Lesson 3: The Chord Device

Lesson overview 

Take the mystery out of chord theory using Live’s MIDI devices to generate chords by playing single keys on a keyboard or controller. In this lesson, students learn how to generate chords using Live’s Chord device. They learn to make these chords fit in key with help from the Scale device. They then  have a creative challenge to add a chordal accompaniment to a bassline.

Learning intentions

  • Critical listening – students learn to differentiate between a two-note interval, a three-note chord, and a four-note chord. They understand the difference between parallel chords and diatonic/modal chords.

  • Technology literacy – students use MIDI effects, to alter MIDI information.

  • Creative/musical – students draw connections between chords’ musical construction and their conventional cultural associations in songs, film scores, game soundtracks, etc.


  • Consider students’ skill level at recording melodic parts via MIDI, and select support resources as appropriate.

  • For the creative challenge: Have the Harmonize a Bassline Live Set downloaded and ready to open on each computer

  • Ensure a class playback system is available for students to share their work.

In the classroom

  • Step 1: Introduction – explain what a chord is and play some examples of chord progressions in various styles

  • Step 2: Practical introduction – have students use the Chord device to create some short progressions, with and without the Scale device

  • Step 3: Creative challenge – students use the Harmonize a Bassline Live Set to add chords to a short bassline via the Chord and Scale devices

  • Step 4: Student sharing and feedback of work – students upload their files, play back their melodies, and give feedback to their peers 

Introduction: Chords and the Chord device 

A chord is three or more notes played at a time. In theory, any three notes can make a chord, but in practice, only certain combinations of notes will sound good. Chords can be complex but the Chord device enables you to create good-sounding harmony easily.

How deep do you want to go with chord theory? That’s up to you! For beginners, you may choose to have students load a Chord device* onto a track and get them to listen to what happens when you play MIDI notes while loading different presets. 

To explain more deeply what chords are and how they work, refer to the Going Deeper resource. This explains the Chord device in detail, and gives the music theory background to its functionality.

*Note that the Chord device often sounds better if you add a Scale device after it. See the Going Deeper guide below for more details.

Going Deeper: The Chord Device 

The Chord Device guide explains the device’s parameters, how to record its output as well as related music theory concepts including diatonicism vs parallelism, and how chords are constructed from different intervals.

Guide: Going Deeper: The Chord Device

Learning Foundation: Companion resources for the Chord device 

Some students may need additional support in learning about chords and how to use them musically. These resources are listed in order from accessible to advanced.

The Chords section of the Learning Music website

Learning Music’s Chords section is an excellent companion resource to this project. Use the Export to Live option to move patterns created in the browser to Live.

Explore: Learning Music: Chords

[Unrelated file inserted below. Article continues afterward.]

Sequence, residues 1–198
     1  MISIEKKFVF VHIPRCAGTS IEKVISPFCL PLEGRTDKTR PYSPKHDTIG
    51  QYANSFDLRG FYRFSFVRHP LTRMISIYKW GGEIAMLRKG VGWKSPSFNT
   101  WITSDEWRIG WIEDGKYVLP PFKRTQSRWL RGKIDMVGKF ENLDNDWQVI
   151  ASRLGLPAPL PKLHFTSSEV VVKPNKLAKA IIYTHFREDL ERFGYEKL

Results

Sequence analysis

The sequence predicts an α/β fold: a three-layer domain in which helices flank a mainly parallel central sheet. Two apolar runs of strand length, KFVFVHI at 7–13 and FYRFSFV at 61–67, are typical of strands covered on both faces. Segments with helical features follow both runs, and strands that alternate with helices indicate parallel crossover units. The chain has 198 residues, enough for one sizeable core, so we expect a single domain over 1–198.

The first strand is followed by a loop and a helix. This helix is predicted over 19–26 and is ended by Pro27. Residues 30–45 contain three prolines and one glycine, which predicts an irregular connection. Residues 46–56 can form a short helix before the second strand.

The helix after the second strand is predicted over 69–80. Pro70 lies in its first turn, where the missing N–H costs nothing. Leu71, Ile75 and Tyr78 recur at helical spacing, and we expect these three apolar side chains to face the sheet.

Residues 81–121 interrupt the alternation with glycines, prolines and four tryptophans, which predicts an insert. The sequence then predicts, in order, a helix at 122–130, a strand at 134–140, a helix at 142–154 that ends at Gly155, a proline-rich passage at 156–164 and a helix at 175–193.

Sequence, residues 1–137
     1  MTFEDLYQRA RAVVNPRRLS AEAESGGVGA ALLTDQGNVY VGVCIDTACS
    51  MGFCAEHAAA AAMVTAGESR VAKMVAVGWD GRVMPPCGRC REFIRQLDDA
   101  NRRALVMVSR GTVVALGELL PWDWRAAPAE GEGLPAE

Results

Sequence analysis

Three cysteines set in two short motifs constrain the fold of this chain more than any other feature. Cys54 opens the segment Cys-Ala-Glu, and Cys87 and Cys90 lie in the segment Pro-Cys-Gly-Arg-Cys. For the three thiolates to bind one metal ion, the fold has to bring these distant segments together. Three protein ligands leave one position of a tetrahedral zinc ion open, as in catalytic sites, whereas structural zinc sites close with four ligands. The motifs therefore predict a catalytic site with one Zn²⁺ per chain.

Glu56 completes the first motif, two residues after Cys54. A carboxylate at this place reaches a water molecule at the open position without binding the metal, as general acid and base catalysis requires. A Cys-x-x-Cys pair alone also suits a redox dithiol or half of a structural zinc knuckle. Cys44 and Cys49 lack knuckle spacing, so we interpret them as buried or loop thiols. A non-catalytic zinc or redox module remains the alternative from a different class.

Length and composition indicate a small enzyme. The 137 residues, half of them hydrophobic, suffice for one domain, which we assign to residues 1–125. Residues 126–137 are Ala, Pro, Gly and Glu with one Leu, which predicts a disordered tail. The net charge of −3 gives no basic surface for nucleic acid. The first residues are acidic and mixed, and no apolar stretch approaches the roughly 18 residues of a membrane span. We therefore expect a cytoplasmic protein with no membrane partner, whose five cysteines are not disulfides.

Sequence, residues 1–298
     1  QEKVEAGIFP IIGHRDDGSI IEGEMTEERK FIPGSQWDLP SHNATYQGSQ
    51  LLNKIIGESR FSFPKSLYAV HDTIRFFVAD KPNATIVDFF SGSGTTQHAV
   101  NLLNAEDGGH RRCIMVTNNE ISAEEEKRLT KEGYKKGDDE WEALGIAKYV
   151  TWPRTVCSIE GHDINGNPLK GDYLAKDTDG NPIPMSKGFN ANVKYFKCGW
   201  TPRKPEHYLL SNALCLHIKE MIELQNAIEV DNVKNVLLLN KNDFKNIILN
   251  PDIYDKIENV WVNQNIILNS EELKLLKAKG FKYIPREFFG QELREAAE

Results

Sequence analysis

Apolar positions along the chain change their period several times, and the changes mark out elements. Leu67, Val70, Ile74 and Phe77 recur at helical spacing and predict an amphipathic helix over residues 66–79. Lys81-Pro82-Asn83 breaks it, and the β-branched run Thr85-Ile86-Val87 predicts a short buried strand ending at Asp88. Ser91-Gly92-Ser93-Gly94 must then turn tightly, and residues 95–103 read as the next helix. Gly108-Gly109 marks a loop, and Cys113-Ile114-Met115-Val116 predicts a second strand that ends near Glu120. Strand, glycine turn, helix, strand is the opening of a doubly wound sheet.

ChordChord is a web app that generates four-chord loops and exports them as MIDI.

Explore: ChordChord

Making Chords from Scales

Making Chords from Scales is a blog post by the author of this classroom project, explaining chord/scale theory and the idea that every scale can become a chord if you rearrange its notes in a particular pattern. This theory is a useful way to understand many kinds of music and is the basis of jazz harmony.

Explore: Making chords from scales

The Chord Dictionary

The Chord Dictionary is a table of all the widely-used chords in Western music, showing their symbols, their associated scales, and the notes that make them up. It also comes with a series of videos explaining how they work.

Explore: The Chord Dictionary

Creative challenge: Harmonize a bassline 

In this challenge, students play chords to accompany a bassline, using the Chord and Scale devices to ensure that the notes in their chords match the notes in the bassline.

The included Harmonize a Bassline Live Set includes a beat and a bassline. There is an empty MIDI track with a Chord device set to major triads and a Scale device set to Dorian mode. 

The challenge is to create a four-bar chord progression over the bassline using this chord/scale combination. You can play any keys on the controller, and the Chord device will translate them into major triads. The Scale device will then fit the notes in the chords to C Dorian mode.

Challenge steps:

  1. Students open the Harmonize a Bassline Live Set. It contains a beat, a bassline, and an empty track where they will create their own chords.

  2. Students record a four-bar chord progression into the empty track. They can input any notes they wish; the Chord device will automatically generate chords, and the Scale device will filter the notes in the chords to fit within C Dorian mode.

  3. If time permits, play each student’s melody for the class and ask for constructive feedback.

Harmonize a Bassline Challenge – Live Set

Download: Harmonize a Bassline – Live Set

The Harmonize a Bassline Live Set contains four tracks:

  • A drum machine beat

  • A bassline in C Dorian dominant mode

  • A blank electric piano track where students record their chord progression. Playing single notes will produce chords that match the bassline

  • A two-bar progression for students to use as a prompt for their chords – this track is muted, so students can unmute it if they want to hear it